with an 18-year-old girl in a Srinagar hotel. (The Hindu dated September
19, 2018).  The ladla let the offender off the hook by charging
with mild charge `fraternization with a woman’. The army chief is a misogynist
who publicly rebuked women and declared them unfit for military service.

Humiliation of Kashmiris motivates them to become human missiles. The
Pulwama Fedayeen, a schoolboy, was forced to rub his nose on ground by a

Roads were blocked to prevent mourners from attending funeral prayers of
Pulwama bomber. Even dead bodies of stone-throwers are mutilated, paraded
unzipped in body-packs, and photographed by way of memorabilia. Renowned writer
Barkha Dutt reminisced (Outlook India dated February 20, 2019) a
sensible local police officer’s directive `Bodies of those killed in encounters
were to be properly zipped in covers and not paraded. At post-mortems of killed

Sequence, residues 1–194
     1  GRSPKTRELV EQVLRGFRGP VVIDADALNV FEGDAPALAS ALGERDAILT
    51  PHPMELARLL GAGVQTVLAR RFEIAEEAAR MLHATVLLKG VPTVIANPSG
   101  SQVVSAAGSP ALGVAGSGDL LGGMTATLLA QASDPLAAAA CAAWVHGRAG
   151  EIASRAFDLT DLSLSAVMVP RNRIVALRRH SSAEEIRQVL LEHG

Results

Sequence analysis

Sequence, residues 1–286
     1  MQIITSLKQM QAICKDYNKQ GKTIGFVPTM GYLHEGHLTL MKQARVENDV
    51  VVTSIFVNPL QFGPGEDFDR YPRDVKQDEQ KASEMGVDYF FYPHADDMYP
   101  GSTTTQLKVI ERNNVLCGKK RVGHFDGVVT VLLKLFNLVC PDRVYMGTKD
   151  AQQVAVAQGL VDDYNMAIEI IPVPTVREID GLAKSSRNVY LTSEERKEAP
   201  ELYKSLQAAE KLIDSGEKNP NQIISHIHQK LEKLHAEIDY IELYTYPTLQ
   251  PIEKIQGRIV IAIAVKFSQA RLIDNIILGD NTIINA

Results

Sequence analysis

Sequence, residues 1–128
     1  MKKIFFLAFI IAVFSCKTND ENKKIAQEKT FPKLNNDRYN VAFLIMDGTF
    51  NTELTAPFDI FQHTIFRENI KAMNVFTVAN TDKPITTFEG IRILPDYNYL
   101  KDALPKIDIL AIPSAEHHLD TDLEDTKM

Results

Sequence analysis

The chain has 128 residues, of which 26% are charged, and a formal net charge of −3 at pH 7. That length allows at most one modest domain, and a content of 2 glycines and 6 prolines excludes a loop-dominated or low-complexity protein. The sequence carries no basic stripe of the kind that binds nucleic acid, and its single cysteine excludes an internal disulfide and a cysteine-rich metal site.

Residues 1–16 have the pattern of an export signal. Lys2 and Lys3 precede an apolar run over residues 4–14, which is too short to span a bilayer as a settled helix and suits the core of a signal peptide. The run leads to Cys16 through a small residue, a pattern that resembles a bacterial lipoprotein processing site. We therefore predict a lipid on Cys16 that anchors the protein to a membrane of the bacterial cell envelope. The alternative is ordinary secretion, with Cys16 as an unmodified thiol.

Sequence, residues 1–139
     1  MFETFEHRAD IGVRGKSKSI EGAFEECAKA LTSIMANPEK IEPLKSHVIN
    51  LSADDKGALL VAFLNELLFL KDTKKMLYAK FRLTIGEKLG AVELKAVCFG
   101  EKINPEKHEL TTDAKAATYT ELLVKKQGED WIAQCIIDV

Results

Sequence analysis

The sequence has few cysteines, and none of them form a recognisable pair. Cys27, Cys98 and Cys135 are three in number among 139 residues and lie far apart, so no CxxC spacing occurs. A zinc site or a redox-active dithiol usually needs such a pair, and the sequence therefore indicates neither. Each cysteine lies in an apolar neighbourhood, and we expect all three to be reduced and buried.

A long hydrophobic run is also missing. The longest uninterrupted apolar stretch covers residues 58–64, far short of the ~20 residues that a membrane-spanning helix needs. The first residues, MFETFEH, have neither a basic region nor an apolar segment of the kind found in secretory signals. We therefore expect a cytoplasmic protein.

terrorists, no photographs were to be taken or distributed.’

A Kashmiri newspaper reported that army mercilessly beats even peaceful
Kashmiri `for not hoisting Indian flag on their cars, bikes and even bicycles’,
`even for selling or buying a pencil battery for a radio or wall clock’ .The
presumption is that  `these batteries will be used in the wireless sets or

Persecution of Kashmiri
students and traders in Indian states

Kashmir students and
traders are being attacked or looted in schools and colleges, at bus stops and
in railway apartments throughout India. About 700 students, including girls,
fled to Valley. Even holders of PM Modi’s merit-based competitive scholarships
had to rush back to Valley for safety.

Some retired generals
and RAW’s former chief AS Daulat cautioned Modi against brutal use of force India
stayed united while Pakistan broke apart for lack of resilience and political
myopia. At the time of partition, India was embroiled in many virulent
insurgencies: Dravidian South movement, seven angry sisters of North East,
Khalistan movement. India overcame the insurgencies through talks with
Laldenga, Master Tara Singh, Dr. Phizo and others. It accepted demand for
creation of new states. Gradually the incendiary states merged into Indian